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If $55 034.175 \rm{kJ }$ of heat are transferred to $150 \rm{kg}$ of ice at a temperature of $-12.15 ^\circ \rm{C}$, calculate the temperature of the resulting water.

Using $Q = mc(t_2-t_1)$ or $t_2 = \frac{Q}{mc}+t_1$,

$$t2 = \frac{55034.175}{150 \times 2.135} + (-12.15)$$

My answer is $178.6 ^\circ \rm{C}$

However, this does not seem possible to me because the boiling point of water is $100^\circ\rm{C}$ so therefore it would no longer be water. I feel my answer should be below $100^\circ\rm{C}$ if they are asking for the temperature of the resulting water.

Can someone please explain?

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1 Answer 1

First think how much energy causes a temperature change from -12.15 to 0 degrees Celcius.

$Q = mc\delta T = 150 \times 2.1 \times 12.15 = 3827.25 kJ$

We now have 55,034.175 - 3827 = 51207Kj remaining.

Now Ice is converted to water. The energy requried to convert Ice to Water is given by:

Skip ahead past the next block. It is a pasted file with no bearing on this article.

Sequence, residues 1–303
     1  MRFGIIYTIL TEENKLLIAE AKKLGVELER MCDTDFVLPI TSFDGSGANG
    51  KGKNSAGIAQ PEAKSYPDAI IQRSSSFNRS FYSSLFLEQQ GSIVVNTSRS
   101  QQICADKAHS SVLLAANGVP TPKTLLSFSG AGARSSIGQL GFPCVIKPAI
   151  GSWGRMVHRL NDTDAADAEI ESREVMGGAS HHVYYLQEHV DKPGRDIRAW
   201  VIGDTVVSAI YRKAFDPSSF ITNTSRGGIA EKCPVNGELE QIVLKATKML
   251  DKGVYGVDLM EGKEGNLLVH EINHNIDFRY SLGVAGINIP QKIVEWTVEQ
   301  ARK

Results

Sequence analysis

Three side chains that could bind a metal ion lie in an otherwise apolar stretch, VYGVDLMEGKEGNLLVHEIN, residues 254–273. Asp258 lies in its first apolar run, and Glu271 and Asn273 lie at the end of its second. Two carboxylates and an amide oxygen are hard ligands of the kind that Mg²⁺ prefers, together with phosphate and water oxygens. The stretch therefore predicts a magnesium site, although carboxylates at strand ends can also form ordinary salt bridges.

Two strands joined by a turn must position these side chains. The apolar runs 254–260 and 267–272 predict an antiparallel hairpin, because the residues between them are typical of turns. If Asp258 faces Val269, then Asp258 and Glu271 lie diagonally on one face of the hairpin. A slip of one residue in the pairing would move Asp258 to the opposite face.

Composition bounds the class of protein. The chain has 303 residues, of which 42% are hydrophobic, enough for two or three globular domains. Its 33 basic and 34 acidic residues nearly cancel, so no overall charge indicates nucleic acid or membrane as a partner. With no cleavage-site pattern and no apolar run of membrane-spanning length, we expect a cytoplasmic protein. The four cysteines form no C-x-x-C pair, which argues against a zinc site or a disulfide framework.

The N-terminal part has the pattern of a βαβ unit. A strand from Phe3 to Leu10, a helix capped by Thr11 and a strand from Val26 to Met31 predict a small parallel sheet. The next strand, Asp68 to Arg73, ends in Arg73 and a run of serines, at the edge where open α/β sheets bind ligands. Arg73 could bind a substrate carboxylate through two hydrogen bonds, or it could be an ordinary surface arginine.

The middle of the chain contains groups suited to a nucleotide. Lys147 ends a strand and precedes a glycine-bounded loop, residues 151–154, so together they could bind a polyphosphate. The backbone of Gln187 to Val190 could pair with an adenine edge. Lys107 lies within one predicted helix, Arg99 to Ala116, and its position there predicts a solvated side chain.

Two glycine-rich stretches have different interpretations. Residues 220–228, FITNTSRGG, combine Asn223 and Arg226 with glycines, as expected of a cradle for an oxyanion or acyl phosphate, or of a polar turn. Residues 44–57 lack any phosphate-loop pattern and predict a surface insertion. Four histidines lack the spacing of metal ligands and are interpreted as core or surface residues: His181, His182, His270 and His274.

$Q = mL_f$, where $L_f$ is the latent heat of fusion for water, which is 334.

Therefore,

$Q = 150\times 334 = 50100kJ$

We therefore now have 51207-50100 = 1107kJ remaining.

So to determine how much this raises the temperature from 0, we use the formula,

$Q = mc\delta T$

Therefore,

$1107 = 150\times 4.2 \times \delta T$

Therefore

$\delta T = 1.76$

Therefore final temperature is 1.76 degrees Celsius.

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Thanks for your help but wouldn't you use a constant of 2.135 for a solid rather than 4.2 which is for a liquid? –  Cheryl Mar 22 '13 at 4:43
    
@Cheryl, please see the edited answer to see how to solve the problem. –  Mew Mar 22 '13 at 9:38
    
Thanks Chris...I appreciate your help. –  Cheryl Mar 23 '13 at 6:24
    
No problem, please accept my answer as best. –  Mew Mar 23 '13 at 6:54

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